Florida’s ‘intellectual freedom’ law faces constitutional challenge
A faculty union, professors and students are challenging the constitutionality of a new Florida law that requires conducting surveys on state college and university campuses about “intellectual freedom and viewpoint diversity” and includes other changes that opponents contend violate First Amendment rights.
The United Faculty of Florida on Wednesday joined the lawsuit, which was filed last month in federal court in Tallahassee. The lawsuit argues, in part, that the measure (HB 233) was approved by Gov. Ron DeSantis and Republican lawmakers “to target and chill certain viewpoints with which its proponents disagree.”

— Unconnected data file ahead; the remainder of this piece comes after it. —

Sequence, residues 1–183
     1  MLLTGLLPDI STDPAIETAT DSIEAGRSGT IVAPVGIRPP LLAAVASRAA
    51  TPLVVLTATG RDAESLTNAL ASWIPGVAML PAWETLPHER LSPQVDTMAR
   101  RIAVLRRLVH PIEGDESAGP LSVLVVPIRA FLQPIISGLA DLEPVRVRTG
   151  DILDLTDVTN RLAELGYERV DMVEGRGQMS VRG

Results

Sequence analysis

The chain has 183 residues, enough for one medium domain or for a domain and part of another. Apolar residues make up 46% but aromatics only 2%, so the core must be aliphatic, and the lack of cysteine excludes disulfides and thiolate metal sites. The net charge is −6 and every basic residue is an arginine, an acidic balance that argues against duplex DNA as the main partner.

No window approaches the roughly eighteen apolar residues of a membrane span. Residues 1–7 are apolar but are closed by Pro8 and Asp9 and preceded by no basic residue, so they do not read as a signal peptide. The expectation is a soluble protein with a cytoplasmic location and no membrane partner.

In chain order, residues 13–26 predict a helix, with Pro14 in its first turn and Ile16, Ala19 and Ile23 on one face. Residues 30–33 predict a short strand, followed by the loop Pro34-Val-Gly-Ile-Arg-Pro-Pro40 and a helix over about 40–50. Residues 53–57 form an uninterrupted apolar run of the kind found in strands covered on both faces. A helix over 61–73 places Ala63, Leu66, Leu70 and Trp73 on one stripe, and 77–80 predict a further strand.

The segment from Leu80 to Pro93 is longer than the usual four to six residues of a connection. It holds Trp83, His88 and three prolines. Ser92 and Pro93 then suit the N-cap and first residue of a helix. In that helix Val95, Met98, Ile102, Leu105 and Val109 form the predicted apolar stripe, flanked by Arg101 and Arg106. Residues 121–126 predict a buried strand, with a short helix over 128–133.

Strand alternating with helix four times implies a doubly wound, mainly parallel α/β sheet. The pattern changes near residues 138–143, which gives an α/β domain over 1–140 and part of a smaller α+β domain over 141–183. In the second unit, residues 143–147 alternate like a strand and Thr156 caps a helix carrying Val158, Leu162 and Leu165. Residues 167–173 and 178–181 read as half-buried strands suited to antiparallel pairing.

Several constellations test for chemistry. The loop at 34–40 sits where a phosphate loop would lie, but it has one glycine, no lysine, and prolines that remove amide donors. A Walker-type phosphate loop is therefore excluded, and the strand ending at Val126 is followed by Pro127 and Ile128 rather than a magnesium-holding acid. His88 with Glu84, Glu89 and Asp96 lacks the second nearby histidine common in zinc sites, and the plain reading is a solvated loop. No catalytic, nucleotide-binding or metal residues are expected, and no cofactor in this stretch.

“While it may purport to protect and advance intellectual freedom and viewpoint diversity on Florida’s public college and university campuses, its reality – and its intention – is the exact opposite,” the lawsuit said. “Without regard for the First Amendment, the law permits the state to collect the private political beliefs of students and compels faculty both to espouse and promote views they do not share and carefully consider whether and how to discuss views that they do.”